But while a good part of Latin America and the Caribbean was drawing closer to “Mel”, there were some in Honduras and the United States who grieved for politicians like Zelaya, and even more for those who preceded him. So it was that on June 28, 2009, the armed forces, backed by the supreme court of the nation, carried out a coup d’état which did away with the progressive profile of Honduras. “The result of the coup was that the security apparatus or the economic apparatus or the economic system began to be 99% directed by policies designed in Washington,” said the former president. “And, lamentably, they are policies of the most reactionary right-wing elements in the United States, very sectarian groups of the far right. After the coup, narcotrafficking and crime increased. The exploitation of the transnational mining firms is deepening, the privatization of all public services such as roadways, ports, telecommunications. They’ve even privatized things that belong to civil society and the state, such as collecting customs duties. And one of the most classic forms that the North American right has for controlling our countries is militarism. Now, here, soldiers have been substituted for the police. They’re substituting for the powers of the state in all matters and have given them extraordinary powers, as if we were living in a de facto dictatorial state. The separation of powers disappeared. There’s just one power of state, which the president wields over the military. If we review all the indicators of the land, we will find that everything has deteriorated from the coup to the present. The internal and external debt has quintupled. In five years, they’ve managed to indebt the country like it was in the 1960s, and it’s the largest debt in our history. The murder rate has converted us into the most violent country on the planet. We were a small and peaceful country. We are the poorest society in Latin America. We have always been at some level of poverty, but never like it is now. The president of Honduras is not Juan Orlando Hernández; he was imposed by way of a fraud. The presidnet of Honduras is named John Kerry, and his policies are those of the United States.”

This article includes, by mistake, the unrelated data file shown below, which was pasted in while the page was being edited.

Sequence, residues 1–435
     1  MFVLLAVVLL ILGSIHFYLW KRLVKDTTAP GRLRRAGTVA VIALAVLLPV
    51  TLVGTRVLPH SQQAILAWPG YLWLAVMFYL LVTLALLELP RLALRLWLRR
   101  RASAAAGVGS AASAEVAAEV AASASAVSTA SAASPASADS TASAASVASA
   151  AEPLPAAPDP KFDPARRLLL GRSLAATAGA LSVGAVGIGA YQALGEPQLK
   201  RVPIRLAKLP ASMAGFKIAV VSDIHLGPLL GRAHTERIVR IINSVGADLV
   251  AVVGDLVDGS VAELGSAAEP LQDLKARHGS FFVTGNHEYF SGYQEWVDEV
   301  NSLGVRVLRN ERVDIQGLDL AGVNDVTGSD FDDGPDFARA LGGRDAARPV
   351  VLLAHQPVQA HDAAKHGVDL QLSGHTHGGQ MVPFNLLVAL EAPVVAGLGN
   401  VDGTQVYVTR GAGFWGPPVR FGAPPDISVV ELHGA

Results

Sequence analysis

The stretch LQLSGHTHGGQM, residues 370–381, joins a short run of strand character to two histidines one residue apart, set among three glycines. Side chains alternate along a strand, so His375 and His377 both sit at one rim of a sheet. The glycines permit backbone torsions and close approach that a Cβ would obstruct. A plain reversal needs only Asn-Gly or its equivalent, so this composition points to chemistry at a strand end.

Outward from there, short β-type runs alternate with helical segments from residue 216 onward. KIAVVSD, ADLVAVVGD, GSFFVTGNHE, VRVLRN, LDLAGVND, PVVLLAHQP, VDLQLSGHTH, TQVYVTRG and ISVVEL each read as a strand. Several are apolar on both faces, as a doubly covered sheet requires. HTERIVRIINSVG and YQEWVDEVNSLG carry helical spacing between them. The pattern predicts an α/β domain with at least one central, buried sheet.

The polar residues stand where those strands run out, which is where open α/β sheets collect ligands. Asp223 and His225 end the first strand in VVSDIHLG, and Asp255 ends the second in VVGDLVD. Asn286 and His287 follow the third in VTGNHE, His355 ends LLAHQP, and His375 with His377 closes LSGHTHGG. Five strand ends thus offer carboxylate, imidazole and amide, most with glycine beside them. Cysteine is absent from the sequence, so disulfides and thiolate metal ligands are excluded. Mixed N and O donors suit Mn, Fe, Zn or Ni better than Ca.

Following his removal from office, and after several months in exile, Zelaya joined the National Front of Popular Resistance, which became the party of Freedom and Refoundation (LIBRE), over which he presides today. In November of 2013, LIBRE participated in the presidential elections with Xiomara Castro, Zelaya’s wife, as candidate, reaching second place and breaking up the historic bipartisanism of the National Party and the Liberals.

A few weeks ago, Zelaya himself denounced that he had been repressed, along with all his party, at the doors of the National Congress.